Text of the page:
This was the year of the conspiracy of Catiline. It was also the year in which the sacrosanctity of the people’s tribunes was raised once more, this time through the prosecution of an old man called Rabirius, a prosecution behind which Caesar’s hand was detected. (p.xvi)

a) That last phrase doesn’t inspire confidence in her ability to express herself, does it? b) This is all she tells you about both Catiline and Rabirius. I don’t care about Rabirius but if she’s going to mention the Catiline conspiracy, surely it deserves a decent explanation rather than a nine-word sentence. And why does she write the elaborate and clunky phrase ‘the conspiracy of Catiline’ rather than the more smooth and usual ‘the Cataline conspiracy’.

It feels very much like Hammond has a bullet point list of issues to get through but doesn’t have the space to explain any of them properly, instead cramming them into clunky, broken-backed sentences which shake your confidence in her ability to translate anything by anyone into decent English prose.

As happens with many writers, Hammond’s uncertain grasp of English phrasing reflects a clumsiness in conceptualising the ideas she’s trying to express:

In 60 BC Pompey, Crassus and Caesar formed an unofficial pact which came to be known as the ‘first triumvirate’ (on the analogy of the triumvirate of Anthony, Octavian and Lepidus in 43).

I know what she’s trying to say but it’s badly phrased because it’s badly conceived. The first triumvirate wasn’t formed on the analogy of the second triumvirate because the second triumvirate, quite obviously, hadn’t happened yet; it only happened 17 years later. She means something like, ‘this pact is now referred to as the first triumvirate because the same kind of deal was arranged 17 years later between Anthony, Octavian and Lepidus. Historians came to refer to them as, respectively, the first and second triumvirates’. I see what she’s trying to say, but her phrasing literally doesn’t make sense. Again it feels like a) an item on her checklist which she had to cram in but b) didn’t have the space to explain it more clearly and so ends up doing it clumsily.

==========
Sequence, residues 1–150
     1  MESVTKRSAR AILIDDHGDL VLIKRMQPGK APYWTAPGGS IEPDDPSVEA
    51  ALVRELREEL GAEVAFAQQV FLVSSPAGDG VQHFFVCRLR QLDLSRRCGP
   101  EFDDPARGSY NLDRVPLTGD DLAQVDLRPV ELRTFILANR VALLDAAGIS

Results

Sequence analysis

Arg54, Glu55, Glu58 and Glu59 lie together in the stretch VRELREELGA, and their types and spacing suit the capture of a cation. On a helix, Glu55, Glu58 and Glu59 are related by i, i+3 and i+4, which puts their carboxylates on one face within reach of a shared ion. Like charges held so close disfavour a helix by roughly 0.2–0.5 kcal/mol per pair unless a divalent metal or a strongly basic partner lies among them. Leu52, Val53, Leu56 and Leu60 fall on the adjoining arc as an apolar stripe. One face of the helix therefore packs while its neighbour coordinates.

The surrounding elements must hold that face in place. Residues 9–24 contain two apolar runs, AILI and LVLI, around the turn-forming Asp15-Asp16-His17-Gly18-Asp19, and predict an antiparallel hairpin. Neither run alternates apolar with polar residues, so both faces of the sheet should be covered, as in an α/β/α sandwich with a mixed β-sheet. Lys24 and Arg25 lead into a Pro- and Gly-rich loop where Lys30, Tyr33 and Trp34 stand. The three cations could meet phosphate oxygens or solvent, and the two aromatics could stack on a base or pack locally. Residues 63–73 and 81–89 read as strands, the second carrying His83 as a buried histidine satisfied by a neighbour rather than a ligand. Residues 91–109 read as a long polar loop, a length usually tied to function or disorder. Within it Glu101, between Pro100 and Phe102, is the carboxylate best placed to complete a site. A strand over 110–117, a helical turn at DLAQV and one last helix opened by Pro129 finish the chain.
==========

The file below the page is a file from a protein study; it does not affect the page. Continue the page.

It doesn’t exactly inspire confidence in her ability to understand and translate complex content from the Latin if, when given free rein to express herself in English, she produces such mangled ideas and tangled-up sentences.